Wise words from a wise man...(New Owner Information) - Pontiac Solstice Forum
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post #1 of 8 (permalink) Old 03-18-2014, 12:27 PM Thread Starter
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Wise words from a wise man...(New Owner Information)

So I saw allllll of this information posted by another user and asked his permission to move it to another thread and place it all together in one big helpful article.. So here goes!

(This is all from Rob the Elder)

K Here is my standard list of stuff for the new owner. Pardon the length.

The vast majority of the deployed fleet of Kappaís have had little or no issues at all. The owners take them home, have the dealers do maintenance, put gas into them and drive them until they want something new or the car is damaged beyond economic repair.

A tiny minority of cars have issues. And a much smaller minority of that subset have serious problems. To my knowledge, there have been on the order of 12 owners with major issues, like engine failures or differential failures.

NA cars - that is the 2.4 L normally aspirated cars - are going for 100k, 200k and approaching 300kl miles with few problems. The problems are "normal" failures like water pumps, clogged catalytic converters etc. Some of the early cars had issues with the differential. Several were replaced under warranty. There was a recall for all 06 and 07 MY cars that addressed the rear end. Some cars have rear end wine and some have a "clunk" when making significant throttle changes. I have yet to see a failure resulting from these symptoms. The only failures I am aware of were loss of lubrication or just a mechanical failure . Again we are talking less than 10?

The GXP cars are also pretty much bullet proof. A small - very tiny minority have had significant electrical problems that have been traced back to manufacturing errors. One Sky - GS Stage1 on the Sky forum had major issues that resulted in over a year of problems. In the end he got taken care of by GM, new engine, partial remanufacturing of his car . ..
Should GM Buy Back My Car? - Saturn Sky Forums: Saturn Sky Forum

One GXP coupe had a series of undiagnosed electrical problems that GM chose to not address but they bought the car back from the Oregon owner and made him good.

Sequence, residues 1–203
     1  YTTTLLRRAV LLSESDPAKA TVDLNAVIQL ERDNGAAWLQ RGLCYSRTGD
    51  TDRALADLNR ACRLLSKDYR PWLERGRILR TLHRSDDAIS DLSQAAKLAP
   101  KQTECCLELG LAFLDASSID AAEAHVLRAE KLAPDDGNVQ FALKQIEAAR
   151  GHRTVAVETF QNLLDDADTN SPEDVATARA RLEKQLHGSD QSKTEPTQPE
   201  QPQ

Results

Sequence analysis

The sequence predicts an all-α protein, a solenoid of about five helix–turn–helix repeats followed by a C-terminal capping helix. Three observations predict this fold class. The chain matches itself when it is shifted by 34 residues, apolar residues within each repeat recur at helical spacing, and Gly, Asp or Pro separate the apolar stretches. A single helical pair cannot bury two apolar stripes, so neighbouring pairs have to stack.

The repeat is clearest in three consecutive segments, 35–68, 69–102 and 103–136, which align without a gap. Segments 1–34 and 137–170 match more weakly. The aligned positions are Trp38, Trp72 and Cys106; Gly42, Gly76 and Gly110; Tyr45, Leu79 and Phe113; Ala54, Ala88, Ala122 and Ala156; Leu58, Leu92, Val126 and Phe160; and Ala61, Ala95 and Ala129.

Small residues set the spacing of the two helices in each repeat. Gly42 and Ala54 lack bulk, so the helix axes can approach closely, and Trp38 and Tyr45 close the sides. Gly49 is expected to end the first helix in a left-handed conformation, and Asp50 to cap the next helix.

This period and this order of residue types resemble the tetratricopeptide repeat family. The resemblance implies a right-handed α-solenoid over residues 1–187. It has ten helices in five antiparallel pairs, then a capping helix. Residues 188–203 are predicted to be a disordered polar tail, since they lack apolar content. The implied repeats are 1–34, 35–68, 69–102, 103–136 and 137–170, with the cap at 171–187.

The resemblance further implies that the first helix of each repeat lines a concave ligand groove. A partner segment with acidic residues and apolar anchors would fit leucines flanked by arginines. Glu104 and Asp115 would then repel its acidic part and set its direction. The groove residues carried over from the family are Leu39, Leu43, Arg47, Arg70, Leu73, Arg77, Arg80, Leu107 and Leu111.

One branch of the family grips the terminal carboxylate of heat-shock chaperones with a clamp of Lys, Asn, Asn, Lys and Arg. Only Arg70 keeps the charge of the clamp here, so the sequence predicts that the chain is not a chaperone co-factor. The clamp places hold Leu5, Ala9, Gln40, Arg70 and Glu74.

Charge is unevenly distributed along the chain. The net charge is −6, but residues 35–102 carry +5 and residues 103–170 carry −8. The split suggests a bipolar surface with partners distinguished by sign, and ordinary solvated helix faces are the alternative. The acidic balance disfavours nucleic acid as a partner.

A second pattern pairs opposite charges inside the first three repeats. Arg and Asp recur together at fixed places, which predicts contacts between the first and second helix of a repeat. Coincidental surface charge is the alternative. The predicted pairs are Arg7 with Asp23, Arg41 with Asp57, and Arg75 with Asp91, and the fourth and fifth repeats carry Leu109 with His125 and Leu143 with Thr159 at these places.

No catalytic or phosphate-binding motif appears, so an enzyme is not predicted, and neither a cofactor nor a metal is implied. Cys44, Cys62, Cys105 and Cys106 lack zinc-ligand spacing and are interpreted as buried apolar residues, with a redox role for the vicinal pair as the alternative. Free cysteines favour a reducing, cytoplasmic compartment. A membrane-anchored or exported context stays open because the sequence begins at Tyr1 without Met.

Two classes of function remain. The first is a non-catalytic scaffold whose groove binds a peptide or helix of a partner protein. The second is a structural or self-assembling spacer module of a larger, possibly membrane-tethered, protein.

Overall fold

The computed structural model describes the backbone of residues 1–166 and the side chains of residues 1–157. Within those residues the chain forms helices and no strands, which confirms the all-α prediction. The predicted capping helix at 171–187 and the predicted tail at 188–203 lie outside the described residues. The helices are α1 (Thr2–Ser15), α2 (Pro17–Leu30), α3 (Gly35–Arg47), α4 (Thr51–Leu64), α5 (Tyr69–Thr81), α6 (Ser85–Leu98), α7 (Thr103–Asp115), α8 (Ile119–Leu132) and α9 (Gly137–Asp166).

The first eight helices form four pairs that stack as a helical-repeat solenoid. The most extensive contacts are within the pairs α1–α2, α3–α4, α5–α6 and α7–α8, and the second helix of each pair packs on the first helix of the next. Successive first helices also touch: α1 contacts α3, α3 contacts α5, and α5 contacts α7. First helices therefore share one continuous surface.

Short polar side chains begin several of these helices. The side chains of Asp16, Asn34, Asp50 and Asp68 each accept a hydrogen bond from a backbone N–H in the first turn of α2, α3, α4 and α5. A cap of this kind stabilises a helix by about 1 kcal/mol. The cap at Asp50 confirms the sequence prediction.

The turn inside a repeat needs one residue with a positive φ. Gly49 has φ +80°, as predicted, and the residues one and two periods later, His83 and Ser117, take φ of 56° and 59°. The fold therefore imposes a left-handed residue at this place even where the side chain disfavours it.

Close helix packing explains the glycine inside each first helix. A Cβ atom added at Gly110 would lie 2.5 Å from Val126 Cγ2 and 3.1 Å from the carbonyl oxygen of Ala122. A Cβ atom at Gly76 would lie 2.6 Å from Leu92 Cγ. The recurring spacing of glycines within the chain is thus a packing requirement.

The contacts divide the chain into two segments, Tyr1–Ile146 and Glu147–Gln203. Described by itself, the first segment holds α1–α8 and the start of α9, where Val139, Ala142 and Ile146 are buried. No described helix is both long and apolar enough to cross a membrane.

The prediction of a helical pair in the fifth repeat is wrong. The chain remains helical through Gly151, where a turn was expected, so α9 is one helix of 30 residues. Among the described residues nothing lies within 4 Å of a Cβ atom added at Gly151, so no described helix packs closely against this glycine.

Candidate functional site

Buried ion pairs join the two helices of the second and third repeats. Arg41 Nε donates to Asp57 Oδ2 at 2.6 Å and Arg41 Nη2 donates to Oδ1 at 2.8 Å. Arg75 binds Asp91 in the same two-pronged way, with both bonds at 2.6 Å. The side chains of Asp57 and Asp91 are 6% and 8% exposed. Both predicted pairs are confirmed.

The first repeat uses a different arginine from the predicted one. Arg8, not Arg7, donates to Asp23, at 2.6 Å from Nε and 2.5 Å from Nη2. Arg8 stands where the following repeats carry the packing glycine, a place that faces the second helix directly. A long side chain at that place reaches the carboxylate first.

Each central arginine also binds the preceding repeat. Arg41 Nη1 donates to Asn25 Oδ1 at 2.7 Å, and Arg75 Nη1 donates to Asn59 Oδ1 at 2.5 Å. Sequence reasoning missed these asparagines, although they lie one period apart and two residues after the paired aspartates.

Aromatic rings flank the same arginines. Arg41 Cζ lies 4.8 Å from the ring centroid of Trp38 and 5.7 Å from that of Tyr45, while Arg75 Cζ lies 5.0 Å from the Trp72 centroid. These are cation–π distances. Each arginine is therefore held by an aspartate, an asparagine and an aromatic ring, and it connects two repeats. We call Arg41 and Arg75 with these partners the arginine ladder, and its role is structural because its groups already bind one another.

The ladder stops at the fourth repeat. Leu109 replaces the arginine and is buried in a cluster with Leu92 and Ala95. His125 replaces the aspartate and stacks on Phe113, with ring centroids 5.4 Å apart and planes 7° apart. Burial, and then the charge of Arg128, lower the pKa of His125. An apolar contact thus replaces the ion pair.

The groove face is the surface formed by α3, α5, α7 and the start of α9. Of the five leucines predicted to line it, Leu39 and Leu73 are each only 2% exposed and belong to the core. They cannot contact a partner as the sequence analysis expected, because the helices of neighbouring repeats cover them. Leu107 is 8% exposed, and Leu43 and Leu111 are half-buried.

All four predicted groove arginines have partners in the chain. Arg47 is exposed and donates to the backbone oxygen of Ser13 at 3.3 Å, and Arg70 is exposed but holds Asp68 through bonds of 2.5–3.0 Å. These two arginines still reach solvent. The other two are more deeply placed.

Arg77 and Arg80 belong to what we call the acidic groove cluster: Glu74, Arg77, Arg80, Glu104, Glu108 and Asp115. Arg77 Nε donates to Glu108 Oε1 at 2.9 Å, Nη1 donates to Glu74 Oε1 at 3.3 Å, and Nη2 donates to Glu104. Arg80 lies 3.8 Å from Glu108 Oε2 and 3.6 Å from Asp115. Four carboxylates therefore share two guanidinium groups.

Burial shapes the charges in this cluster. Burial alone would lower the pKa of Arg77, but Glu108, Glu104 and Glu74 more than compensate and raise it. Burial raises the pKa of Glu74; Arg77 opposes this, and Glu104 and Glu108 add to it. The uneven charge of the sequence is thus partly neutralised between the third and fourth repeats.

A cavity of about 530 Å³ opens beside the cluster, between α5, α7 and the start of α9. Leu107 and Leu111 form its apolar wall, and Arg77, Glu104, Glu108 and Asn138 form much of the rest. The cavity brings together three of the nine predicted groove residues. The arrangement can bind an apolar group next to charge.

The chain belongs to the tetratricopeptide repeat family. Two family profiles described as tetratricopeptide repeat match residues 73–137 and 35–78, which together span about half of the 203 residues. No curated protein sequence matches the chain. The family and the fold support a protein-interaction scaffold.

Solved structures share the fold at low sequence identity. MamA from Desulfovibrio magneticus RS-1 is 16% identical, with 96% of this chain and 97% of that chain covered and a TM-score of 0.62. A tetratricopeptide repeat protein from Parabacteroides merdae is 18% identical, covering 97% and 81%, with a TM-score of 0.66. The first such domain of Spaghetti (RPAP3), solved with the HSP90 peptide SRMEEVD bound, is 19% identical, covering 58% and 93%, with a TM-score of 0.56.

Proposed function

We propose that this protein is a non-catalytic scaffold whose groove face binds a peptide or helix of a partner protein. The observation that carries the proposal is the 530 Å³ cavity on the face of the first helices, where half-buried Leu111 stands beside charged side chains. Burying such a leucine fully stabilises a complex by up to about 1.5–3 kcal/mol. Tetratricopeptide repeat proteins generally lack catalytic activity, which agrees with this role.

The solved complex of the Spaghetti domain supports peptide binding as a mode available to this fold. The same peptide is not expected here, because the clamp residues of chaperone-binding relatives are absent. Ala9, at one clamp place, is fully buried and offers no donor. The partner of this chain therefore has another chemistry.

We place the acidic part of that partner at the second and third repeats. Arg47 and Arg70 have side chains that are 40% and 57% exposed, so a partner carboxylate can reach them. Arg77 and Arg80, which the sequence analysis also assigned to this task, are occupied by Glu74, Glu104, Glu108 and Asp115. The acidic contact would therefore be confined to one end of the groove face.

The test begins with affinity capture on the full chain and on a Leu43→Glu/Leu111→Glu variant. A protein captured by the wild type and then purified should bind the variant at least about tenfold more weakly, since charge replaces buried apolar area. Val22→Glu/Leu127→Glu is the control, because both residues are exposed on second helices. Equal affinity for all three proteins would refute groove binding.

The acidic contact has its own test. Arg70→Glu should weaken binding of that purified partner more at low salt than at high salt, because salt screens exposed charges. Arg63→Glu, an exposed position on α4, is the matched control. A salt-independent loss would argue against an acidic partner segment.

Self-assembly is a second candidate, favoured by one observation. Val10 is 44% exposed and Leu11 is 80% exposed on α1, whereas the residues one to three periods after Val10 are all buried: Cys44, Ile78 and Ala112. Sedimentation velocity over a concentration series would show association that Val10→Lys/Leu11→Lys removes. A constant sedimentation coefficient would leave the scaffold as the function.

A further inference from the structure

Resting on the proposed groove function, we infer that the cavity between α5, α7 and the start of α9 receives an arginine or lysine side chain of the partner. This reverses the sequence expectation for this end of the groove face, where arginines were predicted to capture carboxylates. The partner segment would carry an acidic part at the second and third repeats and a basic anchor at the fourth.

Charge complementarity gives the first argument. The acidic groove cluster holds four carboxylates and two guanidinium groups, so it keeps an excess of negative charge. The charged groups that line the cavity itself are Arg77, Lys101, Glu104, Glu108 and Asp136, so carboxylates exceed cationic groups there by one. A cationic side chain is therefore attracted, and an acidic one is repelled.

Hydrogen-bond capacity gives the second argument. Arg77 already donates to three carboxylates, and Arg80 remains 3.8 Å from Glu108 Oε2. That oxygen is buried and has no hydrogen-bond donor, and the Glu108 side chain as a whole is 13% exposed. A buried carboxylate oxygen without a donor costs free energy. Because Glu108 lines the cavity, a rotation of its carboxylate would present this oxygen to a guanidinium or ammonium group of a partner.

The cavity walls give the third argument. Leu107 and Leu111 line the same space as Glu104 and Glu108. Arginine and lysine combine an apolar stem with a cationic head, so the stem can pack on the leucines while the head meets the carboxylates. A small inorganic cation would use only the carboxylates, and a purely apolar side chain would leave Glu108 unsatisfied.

GXPs have had some water pump failures, beginning as early as 25k miles with a cluster in the 50k region. All were repaired under warranty. There are several threads that cover this information,
waterpump woes

Some automatic cars have had hard downshifting issues. It appears that these are related to cam position servo failures that cause the transmission control module to go into protection mode intermittently.
Auto transmission suckage

There have been issues with the tops early on due to improper adjustment of the top mechanism and / or the door windows. Some cars were built without the acoustic liner and are noisier. Some early cars were built with plastic ball end joints which failed in some cases are resulted in a redesign. Putting the top up without opening the doors or lowering the windows will cause issues over time. Failure to lubricate the side hinges over the windows can result in sticking.

top ripping/pinching fix

There are cables that actuate the trunk release and the buttress releases. The plastic retention balls on the ends can fail and make it impossible to open the trunk normally.

Trunk won't open


Get a GM record pulled to verify the in service date and warranty remaining. Any GM dealer can do this for you.

You want to start with the local car because the Sky and Sol are highly susceptible to damage when lifted improperly. The front fenders crack frequently due to road vibration and are easily crushed if lifted with a floor jack. If there is damage you want to identify it before sale and with a dealer you can push to get them to repair the damage as part of the sale. There are basically no available right side factory fenders anymore and few left side fenders. They are repairable and there are aftermarket replacements available from DDM but you need to know if the fenders are cracked as this can be up to a $1k swinger on the retail price.

You also want to take a good look at the bottom front. Because of the configuration of the car nearly every new owner rams them into curbs one to several times and they get damaged. At the very least there will be scrapes on the bottom of the bumper cover that you can use to get a lower price or commitment to repair from a dealer that you probably will not get from a private party seller.

You also want to take a hard look at the top. More than a few cars have had problems with the folding mechanism that has damaged the canvas where it folds over the windows and / or damage to the canvas when it rubs against an improperly adjusted side window. The top is also susceptible to damage from the hold down feet mounted on the trunk lid. The rubber feet come off, fail or even twist allowing direct contact between the mounting structure and the top canvas while the top is in the trunk. I have seen more than one car that has holes in the top due to this. The canvas is $1600 plus installation which at a dealer can run into several hundred dollars. And to the best of my knowledge while there are plenty of replacement canvas parts available, there are no more top assemblies in stock.